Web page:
Cooking With Class

Whether you want to learn to boil water or make souffles, there is a culinary course for you.

January 16, 2002|By Lori Sears | Lori Sears,SUN STAFF

You're the envy of your family and friends. You're the highlight of the bake sales, the toast of the parties, a whiz in the kitchen.

Or perhaps not.

Maybe you're the kind who lives on microwavable foods, can't make a hard-boiled egg and wouldn't know a garlic press from a lemon zester. Perhaps your offering at the company potluck is always the plastic spoons and forks.

No matter who you are, a cooking class might be the perfect ingredient to a more fulfilled you in the kitchen.

Whether you want to improve your techniques, experiment with exotic new recipes or simply learn the basics, there's a cooking class for you.

A Cook's Table, a Baltimore gourmet retail store, offers year-round classes ranging from beginning cooking to classes on fondue and Thai recipes.

"Everybody can learn something in our classes," says Morris Vatz, A Cook's Table owner. "[Our classes] are geared to kids, beginners, advanced beginners, intermediates and gourmet cooks."

If you're looking for as basic a cooking class as they come, A Cook's Table offers How to Boil Water, a course offered in three sessions that covers (you guessed it) boiling, as well as roasting, baking, using spices, safety skills and more. Perfect for the beginner; Vatz encourages students to "come with curiosity, energy and an appetite."

Most of the cooking classes in the area feature the lesson and then a sit-down meal to taste the creation. And sometimes, classes are presented in a demonstration format, as opposed to being hands-on.

Jill Borbas, a cooking instructor with the Howard County Department of Recreation and Parks and owner of Chez Vous Gourmet, a catering company in Oella, cautions students to decide beforehand if they want to watch or participate. "That's an important decision. They might come unprepared," she says. In Borbas' classes, students make everything and then eat what they've created.

Courses cost about $40. Some classes may charge an additional materials fee. Many classes feature samplings of the food or full meals.

Besides the many classes offered through cooking schools, recreation and parks programs, restaurants and community colleges' continuing education programs, there are some cooking classes that are offered by private cooks in their own homes.

Some students find the atmosphere of a real home kitchen to be less intimidating than the more traditional "kitchen classroom" setting.

"It's very casual, very easy. And we have lots of fun," says Maria Springer, cooking teacher and owner of Maja's Viennese Kitchen, who offers classes in her home in Phoenix. "It's a comforting atmosphere because they have it at home."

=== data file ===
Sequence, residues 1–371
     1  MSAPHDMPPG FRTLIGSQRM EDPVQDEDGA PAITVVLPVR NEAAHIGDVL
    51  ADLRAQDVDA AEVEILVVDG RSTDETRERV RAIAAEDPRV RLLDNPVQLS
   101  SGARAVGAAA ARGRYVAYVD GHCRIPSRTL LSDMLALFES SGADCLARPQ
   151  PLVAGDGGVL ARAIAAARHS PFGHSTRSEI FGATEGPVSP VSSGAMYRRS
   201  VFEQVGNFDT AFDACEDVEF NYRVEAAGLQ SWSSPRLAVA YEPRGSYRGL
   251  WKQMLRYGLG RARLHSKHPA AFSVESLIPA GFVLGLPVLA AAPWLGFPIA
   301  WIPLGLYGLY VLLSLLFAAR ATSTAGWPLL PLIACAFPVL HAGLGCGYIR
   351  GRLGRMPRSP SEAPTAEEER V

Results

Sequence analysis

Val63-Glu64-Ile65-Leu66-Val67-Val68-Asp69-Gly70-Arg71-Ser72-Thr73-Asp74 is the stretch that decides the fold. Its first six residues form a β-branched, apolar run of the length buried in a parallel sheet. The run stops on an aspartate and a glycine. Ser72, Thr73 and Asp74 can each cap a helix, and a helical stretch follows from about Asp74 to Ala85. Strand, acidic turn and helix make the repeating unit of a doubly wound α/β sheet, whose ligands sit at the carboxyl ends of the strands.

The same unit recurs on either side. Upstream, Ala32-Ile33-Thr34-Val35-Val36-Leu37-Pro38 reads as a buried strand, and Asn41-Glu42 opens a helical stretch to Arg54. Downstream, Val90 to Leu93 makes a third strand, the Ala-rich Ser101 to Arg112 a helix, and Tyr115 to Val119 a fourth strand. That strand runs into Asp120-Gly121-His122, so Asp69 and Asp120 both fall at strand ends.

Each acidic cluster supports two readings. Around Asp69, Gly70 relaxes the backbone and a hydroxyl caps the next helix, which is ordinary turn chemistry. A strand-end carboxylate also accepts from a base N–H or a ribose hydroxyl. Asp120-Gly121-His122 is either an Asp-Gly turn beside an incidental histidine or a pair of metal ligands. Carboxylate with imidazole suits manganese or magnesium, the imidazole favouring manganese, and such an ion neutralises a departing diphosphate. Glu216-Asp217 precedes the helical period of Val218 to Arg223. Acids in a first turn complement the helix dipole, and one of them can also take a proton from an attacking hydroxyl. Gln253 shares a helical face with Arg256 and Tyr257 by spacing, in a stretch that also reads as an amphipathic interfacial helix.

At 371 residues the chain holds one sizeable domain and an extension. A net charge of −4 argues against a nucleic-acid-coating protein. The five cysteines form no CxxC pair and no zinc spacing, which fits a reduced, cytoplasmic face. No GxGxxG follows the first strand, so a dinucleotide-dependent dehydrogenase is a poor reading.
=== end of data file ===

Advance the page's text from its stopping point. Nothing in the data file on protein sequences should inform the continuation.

Springer, who's taught for 10 years, offers one-on-one classes and group classes. Specific group classes include coming lessons on chocolate, cheeses and honey.

One-on-one classes can be much more personalized. "Some people want to learn specific things. I'll write up the recipes for them. [I'll write up] what pots to have and the most important things to have in the kitchen," she says.

But what about the time involved, you wonder. Well, most classes are offered in the evenings. Some are offered on weekends. Often, they are only for one session. One-on-one cooks will fit into your schedule.

So you're tempted to take a cooking class, only you can't get past the fear factor. You're afraid of looking inept, of being a culinary misfit.

Vatz says new students should understand that everybody, even the best of chefs, started at the beginning. "It's just taking that first step. Seeing that nobody in the cook[ing] world is intrepid. They would seldom serve something to someone they made the first time," he says.

Borbas tells her students at the beginning of a class: "There are no culinary police. If you make a mistake, they won't take you to the culinary jail."

If you're still afraid, Borbas encourages you to face your fears. Likening cooking classes to therapy, she says: "Explore your culinary phobias."

Here is a list of area cooking classes offered in the coming weeks:

European cooking

Cooking With Donna: Demonstration classes on Sicilian recipes and techniques, followed by dinner. 6 p.m. Jan. 30, Feb. 13, Feb. 27 and March 6. Donna's Cafe;, 5100 Falls Road, Cross Keys. $45 per class. Call 410-659-5248, Ext. 105.

Greek Cuisine: Prepare traditional Greek dishes. 7 p.m. tomorrow. Runs four weeks. Fallston Middle School, 2303 Carrs Mill Road, Fallston. $35. Materials $15. Call 410-836-4376.

That's Greek to Me: Prepare a classical Greek meal. 7 p.m. Jan. 30. Long Reach High School, 6101 Old Dobbin Lane, Columbia. $16. Materials $10. Call 410-313-7275.

Viva Italia I: Explore the cuisine of northern Italy with Jill Borbas. 7 p.m. Feb. 19. Runs four weeks. Mount Hebron High School, 9440 Route 99, Ellicott City. $49. Materials $20. Call 410-313-7275.

Venetian Cooking: Watch a demonstration of three recipes and enjoy samplings. 6:30 p.m. Jan. 30. Gertrude's, Baltimore Museum of Art, 10 Art Museum Drive. $40. Call 410-889-3399.

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